Still ignoring city hall orders, Boutique Hotel again faces demolition

Friday, 23 May 2014 From Issue Vol. XXII No. 21 By  Warunya Thongrod

Nearly six months after the forced demolition of an annex at the Boutique Hotel, area officials are again threatening legal action against the South Pattaya inn for failing to remove three illegal floors of its main building.

Banglamung District Chief Sakchai Taengho and Pattaya Deputy Mayor Ronakit Ekasingh led a team of city engineers in an inspection of the hotel on Soi VC May 15, a day after Pattaya Business & Tourism Association President Sinchai Wattanasartsathorn complained about the Boutique’s continued defiance of government orders.

(L to R) Deputy Mayor Ronakit Ekasingh, PBTA President Sinchai Wattanasartsathorn, and Banglamung District Chief Sakchai Taengho inspect the illegal top floors at the Boutique Hotel on Soi VC.(L to R) Deputy Mayor Ronakit Ekasingh, PBTA President Sinchai Wattanasartsathorn, and Banglamung District Chief Sakchai Taengho inspect the illegal top floors at the Boutique Hotel on Soi VC.

What they found was little had changed since Nov. 26, when 50 police and government workers swooped in to demolish an annex built without permission and in violation of fire and safety codes. At the same time, officials ordered the removal of the top three floors of its main building, which also were added without permit or inspection.

Owned by Jomtien Holiday Inn Co., which is managed by Alongkorn Saewang, the Boutique was found in mid-2012 to have massively violated building codes. The Building Control Office ordered work stopped on the annex and prohibited use of the illegal floors in existing hotel. Both orders were ignored, as did a second stop-work order issued a month later.

On Jan. 30, 2013, the city Engineering Office condemned the building, ordering Jomtien Holiday Inn to demolish the structure within 60 days. Not only was that order ignored, but construction continued as before. In July last year, Pattaya City Hall went to court to force the demolition, which finally was carried out on Nov. 26.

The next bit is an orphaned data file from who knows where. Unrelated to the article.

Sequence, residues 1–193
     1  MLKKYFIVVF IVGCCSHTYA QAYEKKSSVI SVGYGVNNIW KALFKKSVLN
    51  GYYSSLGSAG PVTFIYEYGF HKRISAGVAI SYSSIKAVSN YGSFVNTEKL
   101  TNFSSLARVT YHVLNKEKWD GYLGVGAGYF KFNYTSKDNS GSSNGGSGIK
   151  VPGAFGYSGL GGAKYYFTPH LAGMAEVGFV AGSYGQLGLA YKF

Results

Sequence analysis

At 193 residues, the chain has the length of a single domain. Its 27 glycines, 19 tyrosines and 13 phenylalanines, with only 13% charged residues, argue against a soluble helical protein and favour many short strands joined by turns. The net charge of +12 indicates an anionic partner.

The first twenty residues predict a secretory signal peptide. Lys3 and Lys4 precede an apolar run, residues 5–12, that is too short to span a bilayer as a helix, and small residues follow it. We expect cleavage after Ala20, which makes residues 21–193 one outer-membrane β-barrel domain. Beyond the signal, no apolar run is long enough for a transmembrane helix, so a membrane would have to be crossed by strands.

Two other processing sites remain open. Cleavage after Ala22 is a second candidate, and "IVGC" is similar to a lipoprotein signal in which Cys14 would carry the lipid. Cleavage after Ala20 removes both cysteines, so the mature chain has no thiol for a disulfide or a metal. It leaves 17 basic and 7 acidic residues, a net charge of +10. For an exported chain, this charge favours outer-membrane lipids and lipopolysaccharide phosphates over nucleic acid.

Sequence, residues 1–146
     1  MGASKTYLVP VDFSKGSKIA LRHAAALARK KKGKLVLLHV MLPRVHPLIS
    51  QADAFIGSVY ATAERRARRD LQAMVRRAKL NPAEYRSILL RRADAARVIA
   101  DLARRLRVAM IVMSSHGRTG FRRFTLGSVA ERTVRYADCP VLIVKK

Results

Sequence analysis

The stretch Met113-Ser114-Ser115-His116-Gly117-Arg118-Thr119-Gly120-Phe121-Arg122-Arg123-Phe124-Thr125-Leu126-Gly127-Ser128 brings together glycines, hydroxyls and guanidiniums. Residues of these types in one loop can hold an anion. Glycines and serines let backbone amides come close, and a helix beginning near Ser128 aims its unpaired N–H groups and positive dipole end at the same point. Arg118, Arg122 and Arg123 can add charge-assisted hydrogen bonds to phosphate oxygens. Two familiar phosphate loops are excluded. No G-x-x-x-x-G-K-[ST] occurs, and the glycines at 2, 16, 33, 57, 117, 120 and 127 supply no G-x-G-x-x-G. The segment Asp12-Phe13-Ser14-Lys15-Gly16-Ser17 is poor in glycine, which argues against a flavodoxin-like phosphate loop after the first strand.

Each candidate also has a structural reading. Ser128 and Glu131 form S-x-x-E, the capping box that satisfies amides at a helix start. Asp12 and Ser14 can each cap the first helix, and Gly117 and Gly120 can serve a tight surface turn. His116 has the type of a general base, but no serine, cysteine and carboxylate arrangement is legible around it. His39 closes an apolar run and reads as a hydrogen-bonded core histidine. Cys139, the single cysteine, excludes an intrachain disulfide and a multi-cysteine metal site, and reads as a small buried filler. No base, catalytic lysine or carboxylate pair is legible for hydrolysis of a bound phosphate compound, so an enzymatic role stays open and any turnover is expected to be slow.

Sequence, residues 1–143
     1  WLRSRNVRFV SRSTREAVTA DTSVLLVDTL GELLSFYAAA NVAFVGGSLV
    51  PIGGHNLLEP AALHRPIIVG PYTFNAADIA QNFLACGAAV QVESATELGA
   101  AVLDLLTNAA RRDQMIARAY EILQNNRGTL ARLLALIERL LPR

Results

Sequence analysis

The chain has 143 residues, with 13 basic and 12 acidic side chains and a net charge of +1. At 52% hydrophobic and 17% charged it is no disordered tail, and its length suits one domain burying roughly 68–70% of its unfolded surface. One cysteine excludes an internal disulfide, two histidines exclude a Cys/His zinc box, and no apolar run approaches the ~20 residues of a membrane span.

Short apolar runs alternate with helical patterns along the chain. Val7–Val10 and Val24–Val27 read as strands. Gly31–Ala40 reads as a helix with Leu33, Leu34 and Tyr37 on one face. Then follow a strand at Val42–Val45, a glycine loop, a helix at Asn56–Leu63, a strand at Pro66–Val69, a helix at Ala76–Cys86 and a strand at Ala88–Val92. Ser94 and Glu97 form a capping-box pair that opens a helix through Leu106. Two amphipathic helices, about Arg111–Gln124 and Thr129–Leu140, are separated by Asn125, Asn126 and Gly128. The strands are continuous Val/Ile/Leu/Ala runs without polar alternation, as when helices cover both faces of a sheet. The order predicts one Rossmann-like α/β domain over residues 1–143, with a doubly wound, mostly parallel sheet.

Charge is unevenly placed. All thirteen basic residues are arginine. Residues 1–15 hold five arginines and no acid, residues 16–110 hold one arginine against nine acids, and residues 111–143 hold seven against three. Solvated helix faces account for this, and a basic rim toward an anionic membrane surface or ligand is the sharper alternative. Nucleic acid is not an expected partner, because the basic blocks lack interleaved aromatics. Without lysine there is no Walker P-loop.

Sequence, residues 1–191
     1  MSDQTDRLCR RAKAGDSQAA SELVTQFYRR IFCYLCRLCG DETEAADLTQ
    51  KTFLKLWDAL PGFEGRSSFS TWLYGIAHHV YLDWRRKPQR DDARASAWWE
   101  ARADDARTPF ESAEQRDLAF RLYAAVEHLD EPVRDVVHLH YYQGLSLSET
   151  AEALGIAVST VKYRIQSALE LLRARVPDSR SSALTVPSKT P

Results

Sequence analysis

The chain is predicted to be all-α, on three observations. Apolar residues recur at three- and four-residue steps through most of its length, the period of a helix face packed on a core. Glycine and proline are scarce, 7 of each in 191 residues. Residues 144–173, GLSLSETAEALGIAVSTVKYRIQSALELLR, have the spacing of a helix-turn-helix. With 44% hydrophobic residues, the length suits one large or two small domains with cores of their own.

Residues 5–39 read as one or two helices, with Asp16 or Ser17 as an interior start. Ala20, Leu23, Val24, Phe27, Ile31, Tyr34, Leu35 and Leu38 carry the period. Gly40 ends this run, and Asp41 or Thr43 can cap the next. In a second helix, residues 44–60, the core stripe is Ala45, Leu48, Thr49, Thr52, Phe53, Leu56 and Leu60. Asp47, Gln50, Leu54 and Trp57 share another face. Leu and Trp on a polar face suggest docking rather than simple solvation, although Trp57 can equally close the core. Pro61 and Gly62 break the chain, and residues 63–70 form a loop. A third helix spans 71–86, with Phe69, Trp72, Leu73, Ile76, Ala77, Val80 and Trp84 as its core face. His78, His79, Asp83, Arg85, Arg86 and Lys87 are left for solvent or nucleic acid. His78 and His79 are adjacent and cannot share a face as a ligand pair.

As he did with the annex, Alongkarn begged the city to hold off demolition of the illegal floors, promising to do it himself. He was given 180 days to do so, but, after checking out the hotel himself, Sinchai went to Sakchai to complain that nothing had been removed.

“The building has persisted as a problem for years,” Sinchai said. “We fear for the safety of customers. Therefore, the business sector requests the district to take serious action to inspect and remove the floors, which could collapse, seriously damaging Pattaya’s tourism industry.”

The snap inspection May 15 revealed that the hotel’s bottom floors were still open for business and Banglamung Permanent Secretary Praphan Pathumchomp ordered the arrest of two Boutique managers under the Hotel Act of 2004 for operating without proper permits. Both face up to a year in jail and fines of up to 30,000 baht.

Sakchai said the only work done in the past six months has been the removal of equipment. And the district chief pointed an accusatory finger at Pattaya City Hall for that inaction.

“There has not been much progress, perhaps because Pattaya did not follow through on enforcement,” Sakchai said. “The city should have given importance to this matter and constantly sent officers to inspect the property.”

Sakchai ordered the city to request that the Provincial Electrical Authority and Provincial Waterworks Authority stop power and water to the hotel to force it into action. A few days remained of the 180 the hotel’s owners were given to demolish the floors. Sakchai said he’d wait out the deadline, then take action if nothing were done.

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